Abstract: We have reexamined our previously published data to search for evidence of correlations between the rates for the alpha, beta-minus, beta-plus, and electron-capture decays of 22Na, 44Ti, 108Agm, 121Snm, 133Ba, and 241Am and the Earth-Sun distance. We find no evidence for such correlations and set limits on the possible amplitudes of such correlations substantially smaller than those observed in previous experiments.

ASEI
2008-Oct-21, 08:52 AM
Originally Posted by trinitree88
dgruss. Radioactive decays occur at different rates within the floors of a high rise office building from GR considerations....and there is a differential neutrino flux between them.
They also have extended half-lives due to SR...muons in accelerator labs...that experience a different neutrino flux than their sitting counterparts.
Solar proximity changes both GR considerations..(sun's well)...and SR considerations...Keplerian velocity increase....as well as the ambient neutrino fluxes.
Not a surprise. pete

Free neutrons have a dramatic change in radioactive decay rates as ambient magnetic fields approach 1011 to 1013 Gauss...on the order of strength of many pulsars.

see:
http://www.nature.com/nature/journal.../222649b0.html

ans see:
Question about neutron stars

or:Neutrons are unstable; how come neutron stars are stable?

But both measurements were made in Earth's surface reference frame, right? We only expect variation in decay rates under GR and SR if we're measuring the matter decaying in a different reference frame, such as the rate measured on an orbiting spacecraft as measured by Earth, or vice versa.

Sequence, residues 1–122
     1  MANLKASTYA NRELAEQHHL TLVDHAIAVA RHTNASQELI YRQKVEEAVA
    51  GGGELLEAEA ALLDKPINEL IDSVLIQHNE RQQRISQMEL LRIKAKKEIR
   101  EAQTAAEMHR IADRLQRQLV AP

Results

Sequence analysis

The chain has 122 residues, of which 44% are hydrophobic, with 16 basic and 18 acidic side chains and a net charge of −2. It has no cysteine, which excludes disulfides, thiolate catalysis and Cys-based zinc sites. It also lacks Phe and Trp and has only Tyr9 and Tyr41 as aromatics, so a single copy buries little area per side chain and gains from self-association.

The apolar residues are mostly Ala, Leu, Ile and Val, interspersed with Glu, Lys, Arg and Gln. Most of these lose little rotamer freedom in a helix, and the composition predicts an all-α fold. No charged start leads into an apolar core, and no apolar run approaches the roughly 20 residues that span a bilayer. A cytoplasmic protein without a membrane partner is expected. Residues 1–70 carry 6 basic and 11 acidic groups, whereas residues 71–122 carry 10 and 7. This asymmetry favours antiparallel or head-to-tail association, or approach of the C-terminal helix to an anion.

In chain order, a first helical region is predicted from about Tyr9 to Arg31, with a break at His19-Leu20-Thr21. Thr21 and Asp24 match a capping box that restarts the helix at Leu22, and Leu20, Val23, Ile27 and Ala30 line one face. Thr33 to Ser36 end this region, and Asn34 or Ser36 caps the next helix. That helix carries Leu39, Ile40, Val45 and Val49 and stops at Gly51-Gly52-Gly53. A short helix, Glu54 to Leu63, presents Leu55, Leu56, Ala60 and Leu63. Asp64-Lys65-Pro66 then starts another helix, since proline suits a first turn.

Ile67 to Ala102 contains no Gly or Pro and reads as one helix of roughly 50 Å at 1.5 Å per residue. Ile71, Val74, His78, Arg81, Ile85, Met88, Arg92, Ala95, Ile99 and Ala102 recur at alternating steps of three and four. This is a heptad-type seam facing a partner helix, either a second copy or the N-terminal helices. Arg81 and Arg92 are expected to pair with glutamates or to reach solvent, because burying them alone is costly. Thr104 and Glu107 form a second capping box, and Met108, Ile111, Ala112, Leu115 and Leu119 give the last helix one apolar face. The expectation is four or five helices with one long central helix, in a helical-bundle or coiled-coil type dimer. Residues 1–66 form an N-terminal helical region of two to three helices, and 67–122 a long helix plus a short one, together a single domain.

That there is some other variation in this scenario suggests a different mechanism.

ASEI
2008-Oct-21, 09:08 AM
Evidence against correlations between nuclear decay rates and Earth-Sun distance
Authors: Eric B. Norman, Edgardo Browne, Howard A. Shugart, Tenzing H. Joshi, Richard B. Firestone
(Submitted on 17 Oct 2008) I read it, but I still don't see where they produce anything that removes the possibility for an effect somewhere.


It is interesting to note that in the work of Alburger et al.1 a very statistically significant annual
variation in the ratio of count rates of 32Si/36Cl was observed (see Fig. 4 of Ref. 1). These authors
could not identify a mechanism that could quantitatively explain these observations. However, in the
work of Siegert et al.2, where a similar amplitude annual variation in the count rate of 226Ra was
observed (see Fig. 1 of Ref. 2), when the ratio of observed count rates of 154Eu/226Ra was examined,
the annual variations disappeared (see Fig. 3 of Ref. 2). These authors attributed the annual
variations observed from the decays of a single source to a yearly variation in the performance of
their experimental equipment that cancelled out in the ratio. So we have multiple independent pieces of experimental equipment with the same periodic varying of performance? And the way they've been cancelling it out is to relate one decay rate with the decay rate of something else?

I think there's still room for an actual effect here, whether in something that makes decay rates happen more often, or some common effect on all our measuring equipment!

borman
2008-Oct-24, 01:01 AM
In the paper, they do not consider that the effect could act universally over the different routes of decay and expect that beta decay should be different from alpha decay. Within this view they find the null hypothesis to be favored. But the analysis is blind to the possibility that the effect is universal.

"If the Jenkins proposal were correct, it is very unlikely that the alpha, beta-minus, beta-plus, and electron-capture decays of all radioactive isotopes would be affected in quantitatively the same way. Thus the ratios of counts observed from two different isotopes would also be expected to show annual variations."